respond to the allegations made in the Complaint, they have
admitted the factual allegations contained therein. See
Tripodi v. Welch, 810 F.3d 761, 764-65 (10th Cir. 2016).
The Court nevertheless must determine whether the
well-pleaded facts state a claim upon which relief may be
granted, because a party in default does not admit
conclusions of law. See Bixler v. Foster, 596 F.3d
751, 762 (10th Cir. 2010) (holding that default judgment was
improper on claims that were barred or subject to dismissal
under Rule 12(b)). In ruling on a motion for default
judgment, courts should consider (1) jurisdiction, (2)
liability, and (3) entitlement to the relief requested.
See SPFM, L.P. v. Felix, SA-16-CV-00179-XR, 2016 WL
5854286 (W.D. Tex. Oct. 5, 2016) (and cited authority).
Court has federal question jurisdiction over the subject
matter pursuant to 17 U.S.C. § 501 (Count I), 15 U.S.C.
§ 1125(a) (Count II), and 15 U.S.C. § 1125(c)
(Count III). This Court has supplemental jurisdiction over
the state-law claims (Counts IV, V, and VI) under 28 U.S.C.
§ 1367. Personal jurisdiction is proper in New Mexico.
At the time of the filing of the Complaint, Defendant Mark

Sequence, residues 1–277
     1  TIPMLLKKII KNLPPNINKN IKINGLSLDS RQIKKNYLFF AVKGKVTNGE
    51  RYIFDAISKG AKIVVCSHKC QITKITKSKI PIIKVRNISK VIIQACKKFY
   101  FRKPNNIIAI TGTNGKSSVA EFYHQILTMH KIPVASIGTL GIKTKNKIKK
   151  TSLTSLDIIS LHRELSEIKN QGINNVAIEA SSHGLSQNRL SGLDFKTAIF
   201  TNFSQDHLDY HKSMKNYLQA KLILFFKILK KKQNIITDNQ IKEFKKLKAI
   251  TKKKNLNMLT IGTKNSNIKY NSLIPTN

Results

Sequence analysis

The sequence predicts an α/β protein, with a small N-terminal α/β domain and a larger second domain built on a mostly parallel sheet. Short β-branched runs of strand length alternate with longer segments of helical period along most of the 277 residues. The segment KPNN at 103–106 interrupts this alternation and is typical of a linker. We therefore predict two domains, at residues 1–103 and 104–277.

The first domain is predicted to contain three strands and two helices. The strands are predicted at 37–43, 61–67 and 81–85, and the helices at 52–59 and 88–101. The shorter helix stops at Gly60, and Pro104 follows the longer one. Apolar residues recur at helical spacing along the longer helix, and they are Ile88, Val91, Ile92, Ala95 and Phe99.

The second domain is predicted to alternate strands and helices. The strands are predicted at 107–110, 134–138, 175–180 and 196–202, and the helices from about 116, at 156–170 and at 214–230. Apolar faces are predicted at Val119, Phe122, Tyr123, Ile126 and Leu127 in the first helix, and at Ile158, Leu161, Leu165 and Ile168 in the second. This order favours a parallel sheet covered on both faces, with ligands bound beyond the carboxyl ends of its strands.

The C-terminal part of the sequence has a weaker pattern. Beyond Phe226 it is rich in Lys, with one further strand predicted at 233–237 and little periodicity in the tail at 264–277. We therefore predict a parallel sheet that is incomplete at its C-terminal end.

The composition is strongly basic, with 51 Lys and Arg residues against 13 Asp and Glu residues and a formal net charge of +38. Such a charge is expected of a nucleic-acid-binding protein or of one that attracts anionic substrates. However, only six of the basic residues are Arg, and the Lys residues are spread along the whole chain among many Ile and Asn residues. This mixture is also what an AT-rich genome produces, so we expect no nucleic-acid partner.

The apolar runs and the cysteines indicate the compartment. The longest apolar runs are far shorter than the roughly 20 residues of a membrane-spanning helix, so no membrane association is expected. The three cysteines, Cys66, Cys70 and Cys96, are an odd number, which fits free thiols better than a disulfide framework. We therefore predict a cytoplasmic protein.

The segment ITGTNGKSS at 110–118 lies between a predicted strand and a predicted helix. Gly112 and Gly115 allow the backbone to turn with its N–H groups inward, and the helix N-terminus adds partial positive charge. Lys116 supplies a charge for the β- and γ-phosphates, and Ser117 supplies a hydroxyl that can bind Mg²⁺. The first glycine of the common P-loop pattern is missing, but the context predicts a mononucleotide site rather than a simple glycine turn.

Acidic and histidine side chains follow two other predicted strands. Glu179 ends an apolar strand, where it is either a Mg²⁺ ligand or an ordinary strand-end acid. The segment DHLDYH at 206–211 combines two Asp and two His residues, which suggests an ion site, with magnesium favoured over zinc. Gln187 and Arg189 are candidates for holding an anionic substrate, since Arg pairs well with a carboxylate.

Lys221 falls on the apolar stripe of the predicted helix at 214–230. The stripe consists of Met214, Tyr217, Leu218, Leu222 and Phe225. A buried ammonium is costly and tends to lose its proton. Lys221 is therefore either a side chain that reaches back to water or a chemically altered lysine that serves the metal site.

Anthony Baca was residing in New Mexico and Defendant
Guardian Anti-Bullying Campaign, Inc.,
(“Guardian”) had its principal place of business
in New Mexico. See Compl. ¶¶ 13-14, ECF
No. 1. Defendant Baca is an officer, trustee, and/or director
of Guardian. Id. ¶ 15. Venue is proper in this
state and district. See 28 U.S.C. § 1391.
Admitted and Undisputed Facts
is the owner of numerous copyrights and trademarks related to
the Teenage Mutant Ninja Turtles (“Ninja
Turtles”), and through its media franchise, Viacom has
made the Ninja Turtles famous and distinctive throughout the
world and in New Mexico through its high-quality professional
television series, films, video games, toys, and other
merchandise. See Compl. ¶¶ 1, 6, 25-33,
43, 88, 105, 124, ECF No. 1, & Ex. 7, ECF No. 1-8, &
Ex. 8, ECF No. 1-9; Decl. of Andrew Hughes ¶¶ 8-15,
54, 57, ECF No. 27. The Ninja Turtles are adolescent
anthropomorphic turtles named after Renaissance artists and
trained in ninjutsu to fight crime. Decl. of Andrew Hughes
¶ 8, ECF No. 27. Viacom owns registered and unregistered
trademarks related to the Ninja Turtles. Compl. ¶¶